Capital Punishment: Pros and Cons
Capital punishment refers to the imposition of a death penalty by the government. It was applied broadly during the ancient times. Since the time Roman Empire has fallen to the commencement of the current era, the death penalty was practiced all over Western Europe. Countries that were first to eliminate capital punishment were Costa Rica, Venezuela, and San Marino. By the year 2004, over 70 countries had wholly abolished a death penalty (Wilson, 2013). Some other nations maintained capital punishment for war crimes and treason. The question of the morality of the issue is still the debate of the day. The ethical issues involved comprise of the ordinary moral matters of punishment with an additional predicament of whether it may be morally right in depriving the human beings of their lives. The capital punishment in the United States is an incomplete method from the beginning to the end. Death sentences can be expected not due to the heinous act of crime but via the poor quality exhibited by defense lawyers, the victim’s or accused race and the state or county where the crime happened.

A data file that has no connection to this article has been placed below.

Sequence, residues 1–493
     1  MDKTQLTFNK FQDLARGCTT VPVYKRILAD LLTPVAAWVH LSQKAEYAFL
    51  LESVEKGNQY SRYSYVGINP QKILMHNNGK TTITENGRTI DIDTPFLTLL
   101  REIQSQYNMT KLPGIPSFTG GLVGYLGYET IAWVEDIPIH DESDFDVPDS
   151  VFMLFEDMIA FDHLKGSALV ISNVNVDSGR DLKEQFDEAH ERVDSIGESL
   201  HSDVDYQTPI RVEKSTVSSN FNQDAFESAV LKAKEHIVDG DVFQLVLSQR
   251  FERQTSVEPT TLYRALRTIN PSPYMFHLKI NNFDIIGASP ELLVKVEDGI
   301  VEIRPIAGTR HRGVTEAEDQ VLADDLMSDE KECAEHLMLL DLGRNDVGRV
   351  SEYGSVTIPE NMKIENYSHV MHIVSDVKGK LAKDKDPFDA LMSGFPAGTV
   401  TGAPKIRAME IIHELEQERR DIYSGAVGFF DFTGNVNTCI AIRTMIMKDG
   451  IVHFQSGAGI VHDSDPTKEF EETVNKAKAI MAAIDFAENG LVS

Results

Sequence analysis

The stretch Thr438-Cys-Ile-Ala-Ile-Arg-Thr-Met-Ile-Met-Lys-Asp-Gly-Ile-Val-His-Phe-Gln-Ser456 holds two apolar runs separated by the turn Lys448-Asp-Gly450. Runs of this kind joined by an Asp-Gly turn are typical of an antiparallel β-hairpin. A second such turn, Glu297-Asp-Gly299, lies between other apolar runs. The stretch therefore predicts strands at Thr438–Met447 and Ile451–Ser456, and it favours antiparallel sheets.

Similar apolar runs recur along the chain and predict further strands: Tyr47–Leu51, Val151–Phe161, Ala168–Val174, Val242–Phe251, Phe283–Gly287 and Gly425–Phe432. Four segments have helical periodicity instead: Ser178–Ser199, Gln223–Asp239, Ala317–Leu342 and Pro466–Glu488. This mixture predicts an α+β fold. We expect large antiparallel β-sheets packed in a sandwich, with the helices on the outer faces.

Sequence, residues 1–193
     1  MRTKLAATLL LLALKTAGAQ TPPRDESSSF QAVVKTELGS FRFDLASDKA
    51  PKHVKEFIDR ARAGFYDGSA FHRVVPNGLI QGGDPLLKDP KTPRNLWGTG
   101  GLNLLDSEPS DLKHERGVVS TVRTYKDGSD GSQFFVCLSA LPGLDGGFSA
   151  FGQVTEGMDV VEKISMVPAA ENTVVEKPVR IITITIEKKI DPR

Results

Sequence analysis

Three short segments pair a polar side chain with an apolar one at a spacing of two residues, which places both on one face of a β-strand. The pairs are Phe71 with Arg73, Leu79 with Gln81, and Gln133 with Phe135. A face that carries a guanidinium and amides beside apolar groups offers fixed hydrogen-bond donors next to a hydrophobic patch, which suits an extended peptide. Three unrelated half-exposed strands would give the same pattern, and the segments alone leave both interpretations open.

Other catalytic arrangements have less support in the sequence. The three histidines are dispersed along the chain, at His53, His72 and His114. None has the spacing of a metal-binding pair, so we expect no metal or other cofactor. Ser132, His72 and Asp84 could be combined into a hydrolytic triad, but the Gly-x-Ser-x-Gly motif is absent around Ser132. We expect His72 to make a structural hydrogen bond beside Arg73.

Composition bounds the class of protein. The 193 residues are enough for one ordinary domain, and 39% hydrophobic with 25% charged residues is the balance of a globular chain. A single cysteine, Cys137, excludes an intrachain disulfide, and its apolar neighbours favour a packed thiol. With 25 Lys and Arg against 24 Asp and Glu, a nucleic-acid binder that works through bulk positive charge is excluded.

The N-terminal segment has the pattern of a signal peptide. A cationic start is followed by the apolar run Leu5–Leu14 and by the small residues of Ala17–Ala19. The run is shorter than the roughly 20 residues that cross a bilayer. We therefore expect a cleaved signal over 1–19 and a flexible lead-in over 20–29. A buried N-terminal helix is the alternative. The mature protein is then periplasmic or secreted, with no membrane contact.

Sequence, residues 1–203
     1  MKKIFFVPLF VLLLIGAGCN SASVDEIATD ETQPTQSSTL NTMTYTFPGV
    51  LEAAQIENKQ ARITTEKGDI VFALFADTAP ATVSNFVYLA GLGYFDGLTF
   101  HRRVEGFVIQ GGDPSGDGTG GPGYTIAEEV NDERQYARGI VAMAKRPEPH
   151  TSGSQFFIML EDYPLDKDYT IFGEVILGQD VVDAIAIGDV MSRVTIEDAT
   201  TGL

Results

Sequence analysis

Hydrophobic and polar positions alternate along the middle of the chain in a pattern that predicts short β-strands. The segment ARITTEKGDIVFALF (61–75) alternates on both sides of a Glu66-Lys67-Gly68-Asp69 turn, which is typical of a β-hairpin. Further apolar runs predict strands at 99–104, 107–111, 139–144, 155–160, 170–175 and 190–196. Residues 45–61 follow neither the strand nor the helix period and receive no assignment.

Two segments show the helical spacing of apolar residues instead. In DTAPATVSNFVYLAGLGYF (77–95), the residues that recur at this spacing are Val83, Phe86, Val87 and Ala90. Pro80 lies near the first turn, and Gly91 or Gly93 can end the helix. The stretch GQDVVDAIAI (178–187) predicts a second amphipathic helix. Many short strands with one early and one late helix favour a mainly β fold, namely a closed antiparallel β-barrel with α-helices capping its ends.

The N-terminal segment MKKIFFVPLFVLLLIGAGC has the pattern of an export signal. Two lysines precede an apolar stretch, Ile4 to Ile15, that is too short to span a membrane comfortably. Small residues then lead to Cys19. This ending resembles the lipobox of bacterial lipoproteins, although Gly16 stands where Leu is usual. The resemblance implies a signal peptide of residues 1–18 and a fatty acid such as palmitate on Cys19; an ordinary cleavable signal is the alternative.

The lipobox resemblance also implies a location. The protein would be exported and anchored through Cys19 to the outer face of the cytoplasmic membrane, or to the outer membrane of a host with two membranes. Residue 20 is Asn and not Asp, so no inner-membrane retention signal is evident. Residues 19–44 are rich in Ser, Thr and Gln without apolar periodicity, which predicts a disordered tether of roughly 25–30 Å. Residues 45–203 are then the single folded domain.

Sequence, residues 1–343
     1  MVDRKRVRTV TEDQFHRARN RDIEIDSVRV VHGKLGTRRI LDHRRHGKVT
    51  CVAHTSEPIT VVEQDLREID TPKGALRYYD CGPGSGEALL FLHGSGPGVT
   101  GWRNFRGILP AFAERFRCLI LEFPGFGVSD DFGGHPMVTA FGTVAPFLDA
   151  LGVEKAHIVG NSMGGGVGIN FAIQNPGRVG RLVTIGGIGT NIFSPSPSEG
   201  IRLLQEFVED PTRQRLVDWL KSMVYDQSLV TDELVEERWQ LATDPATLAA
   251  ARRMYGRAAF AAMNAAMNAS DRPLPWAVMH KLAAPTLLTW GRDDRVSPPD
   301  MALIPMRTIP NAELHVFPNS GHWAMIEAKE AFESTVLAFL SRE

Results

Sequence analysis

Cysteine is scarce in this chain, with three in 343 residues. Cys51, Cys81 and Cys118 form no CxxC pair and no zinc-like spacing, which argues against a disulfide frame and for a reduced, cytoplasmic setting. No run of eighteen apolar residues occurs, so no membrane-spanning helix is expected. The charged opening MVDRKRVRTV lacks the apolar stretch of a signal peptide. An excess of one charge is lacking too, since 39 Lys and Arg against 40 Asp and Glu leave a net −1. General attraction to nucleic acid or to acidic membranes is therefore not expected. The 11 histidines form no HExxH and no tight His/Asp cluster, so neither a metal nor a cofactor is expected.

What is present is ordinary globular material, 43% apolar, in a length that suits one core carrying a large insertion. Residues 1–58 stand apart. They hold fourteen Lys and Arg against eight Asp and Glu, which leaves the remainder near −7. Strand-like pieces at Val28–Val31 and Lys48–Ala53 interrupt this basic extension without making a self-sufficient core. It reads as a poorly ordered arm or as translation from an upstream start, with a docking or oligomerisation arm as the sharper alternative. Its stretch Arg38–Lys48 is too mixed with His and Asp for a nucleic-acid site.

In the USA, over 1300 executions were held from the year 1976 up to now, and 1000 of the incidents took place in the Southern part (Wilson, 2013). It has been noted that the system of criminal justice fails to guard the people with illness and mental disabilities as well as innocent persons from execution. Even the executing administration is flawed because each process of execution arises with an intolerable risk of torture and pain (Melusky & Pesto, 2012). People deserve the penalty of death in the USA for heinous murders, conscientious and brutal murderers. It is not the kind of government managed lottery which selects the unlucky few for the death penalty from convicted murderers. Rather the system of capital punishment is a sieve which picks worst from the worst (Melusky & Pesto, 2012). In sentencing killers, as one illustrated above, the punishment which is less than death could fail to perform justice since the penalty might be inconsistent with the act of heinous crime. The jurors, prosecutors, and the victims’ loved ones understand this important point. It is significant in their supreme gravity that death penalty influences respect and belief in the majesty for moral order plus human law system which supports and derives from the ethical order.